It’s hard to do a fresh cover of “Ain’t No Sunshine.” It’s been covered so well by so many at this point, and if you’re trying to compete with Bill Withers or Joe Cocker on their turf, you’re bound to lose. But British singer-songwriter Richard Maule found a novel way to make the song his own. The cover he sent us is inventive, bold, and the right amount of irreverent. Instead of going for big soul belting like so many do, he created a quirky quasi-acappella arrangement looping his voice and handclaps over and over again – and while it seems complicated, it wasn’t.
Five Good Covers presents five cross-genre reinterpretations of an oft-covered song.
There’s talk that “Use Me,” from Bill Withers’ second album Still Bill, is about his relationship with his future wife (and, a year later, ex-wife), Hollywood actress Denise Nicholas. Withers denies this, saying he got the idea for the song before his first album, while he was still making toilets for $3 an hour. Most listeners didn’t care about its origin – they were too busy digging that funky clavinet, nodding along to lyrics that brush against masochistic tendencies while defiantly stating that one could be willing to take the bad with the good, because that good was so good. It sure felt good, especially the Live at Carnegie Hall version, so deep in the pocket that the clapping-along audience doesn’t want it to end, demanding (and getting) an immediate encore.
Follow all our Best of 2015 coverage (along with previous year-end lists) here.
I didn’t realize it until I began laying out our post, but this year’s Best Cover Songs list shares quite a few artists with last year’s. And some that showed up here the year before that. Jack White’s on his fourth appearance. And Jason Isbell and Hot Chip not only both reappear from last year, but have moved up in the rankings.
Though we’re always on the lookout for the new (and to be sure, there are plenty of first-timers here too), the number of repeat honorees illustrates how covering a song is a skill just like any other. The relative few artists who have mastered it can probably deliver worthy covers again and again.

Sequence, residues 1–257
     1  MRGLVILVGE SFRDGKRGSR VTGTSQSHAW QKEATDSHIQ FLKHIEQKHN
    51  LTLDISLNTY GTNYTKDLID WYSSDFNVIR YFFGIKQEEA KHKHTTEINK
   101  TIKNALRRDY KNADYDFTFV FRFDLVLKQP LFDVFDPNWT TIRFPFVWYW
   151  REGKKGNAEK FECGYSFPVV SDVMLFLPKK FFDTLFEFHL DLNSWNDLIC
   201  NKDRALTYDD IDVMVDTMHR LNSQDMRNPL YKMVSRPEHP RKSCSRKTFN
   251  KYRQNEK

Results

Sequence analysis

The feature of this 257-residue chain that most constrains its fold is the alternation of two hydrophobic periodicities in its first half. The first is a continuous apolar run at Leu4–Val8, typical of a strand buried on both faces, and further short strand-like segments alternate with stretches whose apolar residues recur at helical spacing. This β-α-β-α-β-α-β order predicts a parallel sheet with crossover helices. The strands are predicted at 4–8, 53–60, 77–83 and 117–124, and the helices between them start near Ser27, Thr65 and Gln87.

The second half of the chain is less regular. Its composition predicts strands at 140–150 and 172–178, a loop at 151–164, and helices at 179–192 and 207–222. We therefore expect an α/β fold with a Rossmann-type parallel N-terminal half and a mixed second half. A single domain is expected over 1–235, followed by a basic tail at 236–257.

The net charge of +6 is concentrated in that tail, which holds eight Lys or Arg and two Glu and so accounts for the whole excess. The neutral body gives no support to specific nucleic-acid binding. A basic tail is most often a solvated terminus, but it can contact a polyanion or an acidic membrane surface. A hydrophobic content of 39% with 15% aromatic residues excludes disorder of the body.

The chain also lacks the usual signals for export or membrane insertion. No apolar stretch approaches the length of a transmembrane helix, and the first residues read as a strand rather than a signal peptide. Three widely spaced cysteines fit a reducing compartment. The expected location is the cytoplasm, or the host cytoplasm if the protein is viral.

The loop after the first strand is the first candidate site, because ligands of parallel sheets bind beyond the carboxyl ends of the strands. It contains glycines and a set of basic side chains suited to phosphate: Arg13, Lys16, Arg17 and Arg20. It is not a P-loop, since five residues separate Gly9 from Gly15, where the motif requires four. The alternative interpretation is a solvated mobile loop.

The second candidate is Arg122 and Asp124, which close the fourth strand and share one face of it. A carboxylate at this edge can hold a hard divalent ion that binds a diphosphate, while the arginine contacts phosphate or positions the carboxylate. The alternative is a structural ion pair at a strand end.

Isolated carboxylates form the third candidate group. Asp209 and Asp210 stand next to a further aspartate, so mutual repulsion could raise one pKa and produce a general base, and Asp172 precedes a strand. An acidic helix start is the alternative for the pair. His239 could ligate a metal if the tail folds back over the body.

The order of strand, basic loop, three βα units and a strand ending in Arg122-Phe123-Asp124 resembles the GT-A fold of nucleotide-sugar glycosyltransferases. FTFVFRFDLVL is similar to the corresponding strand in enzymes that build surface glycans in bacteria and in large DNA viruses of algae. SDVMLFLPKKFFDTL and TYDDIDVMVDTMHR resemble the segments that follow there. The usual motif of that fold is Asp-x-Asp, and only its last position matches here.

How a great cover happens is something I’ve been thinking a lot about this year as I’ve been writing a series of articles diving deep into the creation of iconic cover songs through history (I posted two of them online, and the rest are being turned into a book). In every case the artist had just the right amount of reverence for the original song: honoring its intention without simply aping it. It’s a fine line, and one even otherwise able musicians can’t always walk. Plenty of iconic people don’t make good cover artists (I’d nominate U2 as an example: some revelatory covers of the band, but not a lot by them). Given the skill involved, perhaps it’s no surprise that someone who can do a good cover once can do it again.
So, to longtime readers, you will see some familiar names below. But you’ll also see a lot of new names, and they’re names you should remember. If the past is any guide, you may well see them again next year, and the year after that.
Click on over to page two to begin our countdown, and thanks for reading.
– Ray Padgett, Editor in Chief
(Illustration by Sarah Parkinson)
Sometimes covering a classic song can go, well, poorly. There are a few songs that should never be touched, and several others, such as Bill Withers‘ “Ain’t No Sunshine,” that shouldn’t be messed with unless you really know what you are doing. Or, as in Silent Rider’s case, you completely flip the song, making it something entirely of its own.
“A dark, autumnal inspired re-envisioning of Bill Withers’ classic, “Ain’t No Sunshine,” is how the Brooklyn-based band described their take on the song, and we think that encapsulates it perfectly. It is dark, moody, and definitely worth a listen on a stroll through a cold autumn night.
Check out more from Silent Rider on the band’s website.
From the moment he first appeared on the charts, Bill Withers had a maturity about him that was rare in show business. Not just in age – he was thirty-two when his debut album Just As I Am was released – but in pragmatism; he kept his job at the Boeing aircraft factory even as “Ain’t No Sunshine” was making its way into the top ten, just in case he was thought of as a flash in the pan. He needn’t have worried. His songs resonate just as strongly today as they did when he first set them down.
Last month, we posted our Best Cover EPs of 2011. Getting an early start on next year’s list, two artists, both from Cali, posted knockout EPs in the past week and they’re both free to download.